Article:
Saturday, October 10, 2015

Movie Review: "Pawn Sacrifice" (2015)

Movie"Pawn Sacrifice"
Ticket Price: $9.75
Director: Edward Zwick
Rating: PG-13
Running Time: 1 hour, 55 minutes
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Chess prodigy Bobby Fischer (Tobey Maguire), aka the "Da Vinci from Brooklyn," strives to become the world's number one chess champion while he battles with mental illness and paranoid delusions. He is pitted against the best the Soviet Union has to offer and eventually the reigning world chess champion Boris Spassky (Liev Schreiber) as the media markets their competition as a Cold War battle between capitalism and communism, "the poor kid from Brooklyn versus the whole Soviet Union," and the "Superbowl of the chess world," bringing the game of chess into mainstream society. 

I have made it my mission in life whenever friends or family are congregating together and talking about football or baseball or the like to simply shout "SPORTS!!!!!!!!!" at the top of my lungs upon arrival of the subject because honestly, we could care less.

Does chess count as SPORTS!!!!!!!!!!!!!? Well, maybe during the Cold War it did.

There is a quote in this film in reference to Bobby Fischer that states, "who would have thought a chess player would become a rock star?" Well, who would have thought a movie about chess could be as wholly engaging and tension-filled as "Pawn Sacrifice" is? Off the bat, we noticed something different about this film. In lots of movies about historical figures, their darker side is usually glossed over completely, or referenced only in passing and not a core part to their biopic, and it's reasonably obvious why. Bobby Fischer was definitely not the most likable person in the world, and beyond his obvious mental problems, he had some really twisted viewpoints and often spouted vicious vitriol of an anti-Semitic nature, though he was Jewish himself, and made his anti-American, and anti-Russian feelings known and prevalent as well. This film doesn't shy away from Fischer's shortcomings in the slightest. He is most certainly a flawed hero of sorts. Besides struggling with a serious mental illness manifested as paranoid delusions of being followed, listened to, watched, and bugged, Fischer regularly, actually almost constantly, made outrageous demands in order to play chess on his own terms. These demands included absurd monetary compensation, how far away cameras and audiences had to be while he was playing, and he even went as far as demanding Boris Spassky play several games in a quiet, secluded back room away from serious camera presence, which apparently upset him greatly. Wow.

Tobey Maguire actually does an excellent job portraying chess grand master Bobby Fischer and manages to get the audience to feel some modicum of sympathy for him despite his outlandish behavior, partially because much of Fischer's problem is actually caused by mental illness and not simply because he's a dick, though it may actually be a little bit of both. Maguire's portrayal makes the audience both horrified by Fischer's obsessive nature and compassionate about his struggles. It's a complicated dance between psychosis and obsession, and Maguire delivers a dandy performance. Fischer is also used as a pawn in the propaganda battle between the USA and the USSR during the Cold War, so he takes full advantage where and when he can, striving to get as much money as possible when the opportunity presented itself since he was in such high demand, and why not? Chess wasn't and isn't currently a big money game, though there were probably more tactful ways to execute his wants. Also used as a pawn  on the other side of the spectrum was Fischer's rival Boris Spassky, played by Liev Schreiber, putting on his best Russian accent and donning a serious, stoic gaze. Spassky is actually the more likable of the two main players and Schreiber makes him out to be quite charming. Spassky also shares in some paranoia, too, though he may have had more reason to as it seemed the USSR was in a constant state of fear that Spassky may try to defect anytime he went out of the country to play in chess tournaments. Together, Schreiber and Maguire are a dynamic duo, a yin and yang of sorts, and each man, both together and separately, do very well in their roles. Peter Sarsgaard is also in the film as priest and chess player Bill Lombardy, who does his best to keep Bobby Fischer in line as much as possible. Sarsgaard delivers some great lines throughout the film, and though he's a priest, takes some liberties where drinking and language are concerned. Sarsgaard also has some interesting exchanges with Macguire as well.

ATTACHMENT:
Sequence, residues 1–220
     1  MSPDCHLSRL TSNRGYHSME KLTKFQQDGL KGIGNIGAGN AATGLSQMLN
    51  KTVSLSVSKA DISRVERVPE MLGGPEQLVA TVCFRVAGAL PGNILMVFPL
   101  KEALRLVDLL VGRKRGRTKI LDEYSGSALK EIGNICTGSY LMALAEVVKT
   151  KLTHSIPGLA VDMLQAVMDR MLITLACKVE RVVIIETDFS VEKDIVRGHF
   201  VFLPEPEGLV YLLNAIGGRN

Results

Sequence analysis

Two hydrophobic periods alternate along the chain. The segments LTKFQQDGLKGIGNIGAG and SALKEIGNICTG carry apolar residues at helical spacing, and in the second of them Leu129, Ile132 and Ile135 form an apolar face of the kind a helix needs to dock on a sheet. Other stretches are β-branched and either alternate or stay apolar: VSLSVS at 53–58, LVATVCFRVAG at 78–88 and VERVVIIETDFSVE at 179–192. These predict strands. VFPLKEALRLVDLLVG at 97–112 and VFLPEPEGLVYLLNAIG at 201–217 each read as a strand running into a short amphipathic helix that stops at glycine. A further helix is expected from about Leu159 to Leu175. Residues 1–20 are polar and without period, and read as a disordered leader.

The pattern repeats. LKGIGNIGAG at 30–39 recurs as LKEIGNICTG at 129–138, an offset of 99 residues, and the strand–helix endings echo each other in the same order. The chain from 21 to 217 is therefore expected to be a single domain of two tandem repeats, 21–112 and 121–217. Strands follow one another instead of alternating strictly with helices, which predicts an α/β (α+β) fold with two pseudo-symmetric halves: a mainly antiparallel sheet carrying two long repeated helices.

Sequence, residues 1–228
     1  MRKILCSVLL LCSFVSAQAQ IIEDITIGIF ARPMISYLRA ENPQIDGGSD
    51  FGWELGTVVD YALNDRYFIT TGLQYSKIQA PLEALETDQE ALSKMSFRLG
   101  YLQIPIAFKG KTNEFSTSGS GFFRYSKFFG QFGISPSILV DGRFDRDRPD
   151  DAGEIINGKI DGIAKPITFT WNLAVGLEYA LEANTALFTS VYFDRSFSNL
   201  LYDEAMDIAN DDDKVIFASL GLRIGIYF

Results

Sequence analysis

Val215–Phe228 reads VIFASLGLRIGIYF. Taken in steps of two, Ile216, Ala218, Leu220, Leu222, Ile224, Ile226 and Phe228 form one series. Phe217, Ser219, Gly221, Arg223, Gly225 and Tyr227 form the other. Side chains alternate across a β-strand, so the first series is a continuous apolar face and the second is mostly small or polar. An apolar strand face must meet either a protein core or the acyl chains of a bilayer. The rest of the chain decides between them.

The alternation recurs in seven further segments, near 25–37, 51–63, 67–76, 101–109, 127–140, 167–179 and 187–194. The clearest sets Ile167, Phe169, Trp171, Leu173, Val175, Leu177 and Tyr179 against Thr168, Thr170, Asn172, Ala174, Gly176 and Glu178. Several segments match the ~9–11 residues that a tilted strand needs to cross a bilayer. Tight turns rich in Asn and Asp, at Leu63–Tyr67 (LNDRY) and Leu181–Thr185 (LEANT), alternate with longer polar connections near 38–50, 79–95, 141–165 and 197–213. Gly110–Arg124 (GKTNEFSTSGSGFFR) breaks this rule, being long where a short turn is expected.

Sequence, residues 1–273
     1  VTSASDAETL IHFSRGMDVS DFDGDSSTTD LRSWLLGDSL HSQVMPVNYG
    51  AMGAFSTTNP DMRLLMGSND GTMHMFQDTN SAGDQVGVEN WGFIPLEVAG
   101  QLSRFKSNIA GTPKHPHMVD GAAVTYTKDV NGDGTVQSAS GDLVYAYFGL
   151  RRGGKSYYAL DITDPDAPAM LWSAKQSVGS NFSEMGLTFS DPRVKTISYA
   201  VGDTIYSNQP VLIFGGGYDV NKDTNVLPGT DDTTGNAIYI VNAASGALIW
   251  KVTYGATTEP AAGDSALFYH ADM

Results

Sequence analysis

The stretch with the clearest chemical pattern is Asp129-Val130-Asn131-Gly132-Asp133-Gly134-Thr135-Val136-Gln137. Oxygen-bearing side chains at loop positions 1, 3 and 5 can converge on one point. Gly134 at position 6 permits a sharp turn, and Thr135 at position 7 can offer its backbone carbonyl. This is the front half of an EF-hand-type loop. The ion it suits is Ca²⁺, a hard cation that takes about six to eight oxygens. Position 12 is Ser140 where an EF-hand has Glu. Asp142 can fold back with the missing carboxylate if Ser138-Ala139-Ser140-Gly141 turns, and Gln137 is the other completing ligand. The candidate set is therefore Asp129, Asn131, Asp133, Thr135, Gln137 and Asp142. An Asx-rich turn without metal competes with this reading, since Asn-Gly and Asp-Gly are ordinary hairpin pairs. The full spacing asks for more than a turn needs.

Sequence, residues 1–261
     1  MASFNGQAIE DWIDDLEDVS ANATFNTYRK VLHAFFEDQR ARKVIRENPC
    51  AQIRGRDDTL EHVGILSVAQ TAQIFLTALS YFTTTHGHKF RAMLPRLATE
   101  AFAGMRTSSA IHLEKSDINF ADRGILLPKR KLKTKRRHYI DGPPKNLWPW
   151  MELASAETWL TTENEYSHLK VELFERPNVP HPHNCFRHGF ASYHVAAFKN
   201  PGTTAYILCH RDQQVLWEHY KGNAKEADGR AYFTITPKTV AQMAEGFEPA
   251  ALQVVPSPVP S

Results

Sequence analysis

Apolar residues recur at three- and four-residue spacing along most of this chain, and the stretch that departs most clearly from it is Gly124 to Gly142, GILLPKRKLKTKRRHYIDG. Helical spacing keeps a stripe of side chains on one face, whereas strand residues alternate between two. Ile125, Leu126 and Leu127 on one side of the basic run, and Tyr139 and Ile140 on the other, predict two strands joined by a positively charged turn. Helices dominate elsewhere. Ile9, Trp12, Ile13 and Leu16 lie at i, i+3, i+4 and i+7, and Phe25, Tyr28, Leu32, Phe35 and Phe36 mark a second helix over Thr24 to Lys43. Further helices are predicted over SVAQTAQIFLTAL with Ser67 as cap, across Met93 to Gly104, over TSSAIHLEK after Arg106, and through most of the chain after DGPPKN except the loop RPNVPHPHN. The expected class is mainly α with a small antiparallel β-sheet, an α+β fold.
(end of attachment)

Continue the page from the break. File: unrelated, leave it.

You may be asking yourself, "why was this movie made? Didn't they pretty much cover it in "Searching for Bobby Fischer" several years ago?" Well, in the grand scheme of biopics, and with some due to debut this year in the thick of Oscar contention (we're looking at you, the second movie in 2 years made about Steve Jobs, "Steve Jobs"), most might look at "Pawn Sacrifice" as an unnecessary, safe, or baity film about a man who, quite frankly, very few people care about or remember. With no expectations, we walked away from this movie pleasantly surprised and thoroughly entertained, never knowing the drama, suspense, and hold chess once had over this great nation of ours.

My Rating: 8/10
BigJ's Rating: 8/10
IMDB's Rating: 7.3/10
Rotten Tomatoes Rating: 72%
Do we recommend this movie: Yes!

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